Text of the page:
- Paul Anthony Jones

# Taxicab number

## (n.) a number that can expressed as the sum of two cubes in two different ways

We try to steer clear of mathematics most of the time here on HH, because—well, it’s *numbers*. But this week, the fact that __numbers that can be expressed as the sum of two cubes in two different ways__ are called *taxicabs* was just too good a fact to ignore.

Taxicab numbers are rare, and only half a dozen or so of them have ever been identified. The first and smallest is 2, the sum of the reversible calculation 1³ + 1³. After that you won’t come across another until you reach 1,789, which is equal to both 1³ + 12³ and 9³ + 10³. The gaps between the taxicabs grow ever larger the higher you count, but the number of ways of expressing them increases too: so the third taxicab number—87,539,319—can be expressed in three different ways; the fourth—6,963,472,309,248—in four different ways; and the fifth—48,988,659,276,962,496—in five different ways. The sixth and largest yet discovered is 24,153,319,581,254,312,065,344 (that’s just over 24.1 sextillion, should you want to read it out), which __was identified in 2003__.

Nope, these numbers aren’t called *taxicabs* because once one goes by you have to wait ages for the next one to come along. In fact, as many of you __pointed out on Twitter__, there’s a much better story to tell here.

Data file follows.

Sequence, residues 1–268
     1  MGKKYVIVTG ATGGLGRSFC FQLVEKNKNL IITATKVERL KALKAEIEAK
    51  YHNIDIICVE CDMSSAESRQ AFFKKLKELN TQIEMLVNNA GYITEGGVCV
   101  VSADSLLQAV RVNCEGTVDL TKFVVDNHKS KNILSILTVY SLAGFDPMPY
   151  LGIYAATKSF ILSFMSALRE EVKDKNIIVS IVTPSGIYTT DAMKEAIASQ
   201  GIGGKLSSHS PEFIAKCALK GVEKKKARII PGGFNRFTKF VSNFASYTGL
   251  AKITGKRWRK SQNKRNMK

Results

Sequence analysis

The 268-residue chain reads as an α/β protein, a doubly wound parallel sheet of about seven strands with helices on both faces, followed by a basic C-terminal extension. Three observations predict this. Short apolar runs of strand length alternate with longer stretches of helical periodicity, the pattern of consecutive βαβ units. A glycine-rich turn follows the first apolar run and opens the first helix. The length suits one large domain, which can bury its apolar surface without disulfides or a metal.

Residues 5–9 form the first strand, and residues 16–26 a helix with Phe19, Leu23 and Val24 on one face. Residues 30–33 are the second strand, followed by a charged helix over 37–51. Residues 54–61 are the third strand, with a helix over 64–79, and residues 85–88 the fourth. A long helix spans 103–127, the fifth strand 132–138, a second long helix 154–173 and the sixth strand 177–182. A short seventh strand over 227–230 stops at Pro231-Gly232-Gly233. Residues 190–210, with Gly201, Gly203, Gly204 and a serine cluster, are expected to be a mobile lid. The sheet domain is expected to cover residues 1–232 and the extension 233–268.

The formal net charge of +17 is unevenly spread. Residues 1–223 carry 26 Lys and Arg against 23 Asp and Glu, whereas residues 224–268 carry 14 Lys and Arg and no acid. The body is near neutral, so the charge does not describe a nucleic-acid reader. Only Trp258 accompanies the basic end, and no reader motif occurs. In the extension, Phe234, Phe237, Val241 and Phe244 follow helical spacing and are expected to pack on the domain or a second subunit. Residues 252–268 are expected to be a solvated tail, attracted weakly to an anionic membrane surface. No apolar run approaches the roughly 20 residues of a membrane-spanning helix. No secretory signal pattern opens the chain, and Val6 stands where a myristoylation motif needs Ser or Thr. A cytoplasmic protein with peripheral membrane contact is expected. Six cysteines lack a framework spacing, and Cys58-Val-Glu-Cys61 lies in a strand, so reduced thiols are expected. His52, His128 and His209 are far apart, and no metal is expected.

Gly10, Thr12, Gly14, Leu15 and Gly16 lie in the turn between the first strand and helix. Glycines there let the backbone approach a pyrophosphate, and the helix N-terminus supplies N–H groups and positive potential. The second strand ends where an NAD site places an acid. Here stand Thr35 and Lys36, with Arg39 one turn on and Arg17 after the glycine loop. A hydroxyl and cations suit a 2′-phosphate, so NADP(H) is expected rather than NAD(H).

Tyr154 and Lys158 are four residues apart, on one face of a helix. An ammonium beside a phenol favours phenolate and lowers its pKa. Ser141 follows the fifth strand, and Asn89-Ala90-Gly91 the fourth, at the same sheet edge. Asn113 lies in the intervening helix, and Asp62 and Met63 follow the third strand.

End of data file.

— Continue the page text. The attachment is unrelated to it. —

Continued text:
In the late 1910s, the British mathematician and Cambridge scholar GH Hardy paid a visit to his friend and collaborator, the Indian mathematician Srinivasa Ramanujan, in a hospital in London. Hardy had taken a cab to the hospital bearing the number 1789, and on arriving commented to Ramanujan that 1,789 seemed to him a “rather dull” number, that he hoped wasn’t an “unfavourable omen” for his friend’s treatment. “No,” Ramanujan replied, “it is a very interesting number: it is the smallest number expressible as the sum of two cubes in two different ways.”

Numbers sharing this quality ultimately became known as *taxicabs*, while 1,789 is now known as the Hardy–Ramanujan number—and is just one of a number (no pun intended) of mathematical discoveries now bearing the duo’s names.

Hardy and Ramanujan first began working together in 1913, when Ramanujan sent nine pages of mind-boggling handwritten mathematical formulae from India to Hardy’s office in Cambridge. Impressed by Ramanujan’s obvious ability, Hardy arranged for him to come to England, where the pair soon began several years of highly productive collaboration.

Tragically, Ramanujan died in 1920 at the age of just 32. Hardy was later asked, after a lifetime of achievement and mathematical accomplishment, what he felt his own greatest contribution to mathematics was. Discovering Ramanujan was his immediate reply.